2. Contrasting the interpretation and translation tasks
    3. Translation and adaptation: Localization and transcreation
    4. What does it take to become a professional interpreter?
    5. Certificate vs. Certification vs. Professional Licensure
    6. Where do interpreters work?
    7. Message delivery: The techniques
    8. Consecutive interpreting video demonstration
    9. Sight translation video demonstration
    10. Review Questions
    11. On-Site interpreting
    12. Remote and Telephonic Interpretation
    13. Telephonic interpreting, continued
    14. Video remote interpreting and video relay interpreting
    15. Sight translation
    16. Vocabulary Game
    17. Review Questions
    18. The Evolution of Interpreting in the Community
    19. The Evolution of Interpreting in the Community: Steps Toward Professional Recognition
    20. The Evolution of Interpreting in the Community: Professional Associations
    21. Public Services Interpreting Drivers
    22. Standards Guiding the Interpreting Profession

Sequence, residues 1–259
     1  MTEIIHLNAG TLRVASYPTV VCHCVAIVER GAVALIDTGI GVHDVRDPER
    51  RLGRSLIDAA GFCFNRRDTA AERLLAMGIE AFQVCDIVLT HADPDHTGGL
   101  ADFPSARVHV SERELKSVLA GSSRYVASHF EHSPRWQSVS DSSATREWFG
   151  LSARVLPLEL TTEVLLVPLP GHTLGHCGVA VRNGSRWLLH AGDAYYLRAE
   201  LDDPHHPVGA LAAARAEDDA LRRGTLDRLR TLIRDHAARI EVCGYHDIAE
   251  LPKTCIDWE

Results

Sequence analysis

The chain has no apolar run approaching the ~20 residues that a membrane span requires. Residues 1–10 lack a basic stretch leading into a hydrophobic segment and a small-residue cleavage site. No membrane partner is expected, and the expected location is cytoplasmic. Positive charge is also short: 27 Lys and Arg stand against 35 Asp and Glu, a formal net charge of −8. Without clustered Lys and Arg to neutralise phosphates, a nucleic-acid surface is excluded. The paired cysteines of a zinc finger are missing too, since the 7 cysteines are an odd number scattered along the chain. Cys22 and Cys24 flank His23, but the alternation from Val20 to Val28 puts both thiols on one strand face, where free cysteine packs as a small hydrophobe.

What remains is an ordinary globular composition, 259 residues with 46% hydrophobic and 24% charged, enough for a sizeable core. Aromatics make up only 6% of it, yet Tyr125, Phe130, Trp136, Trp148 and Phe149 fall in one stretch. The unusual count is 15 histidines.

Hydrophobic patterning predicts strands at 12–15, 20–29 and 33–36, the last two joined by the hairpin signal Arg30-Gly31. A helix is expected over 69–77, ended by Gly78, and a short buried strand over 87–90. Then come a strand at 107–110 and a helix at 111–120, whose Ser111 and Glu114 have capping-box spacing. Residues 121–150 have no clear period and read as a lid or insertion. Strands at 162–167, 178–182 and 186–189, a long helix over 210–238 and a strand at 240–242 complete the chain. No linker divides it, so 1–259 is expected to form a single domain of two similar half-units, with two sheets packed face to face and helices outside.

23. Associations: Why are they important?
    24. Module 1 Self-assessment
    25. Resources
    26. Module Feedback
  4. Module 2: Interpreting Skills and Techniques
    1. Preparing yourself for this module
    2. Active listening
    3. Active listening: Suspending yourself
    4. Emotions and Culture
    5. Level of Interest and Objectivity
    6. Capacity to Concentrate
    7. Who you are influences greatly the way you listen and communicate
    8. Listening Exercises: Introduction
    9. Shadowing: Introduction
    10. Short-Term Memory Retention: Visual
    11. Short-Term Memory Retention: Auditory
    12. Note-Taking
    13. Sight Translation: Introduction
    14. Putting It All Together: Interpreting
    15. Module Vocabulary Game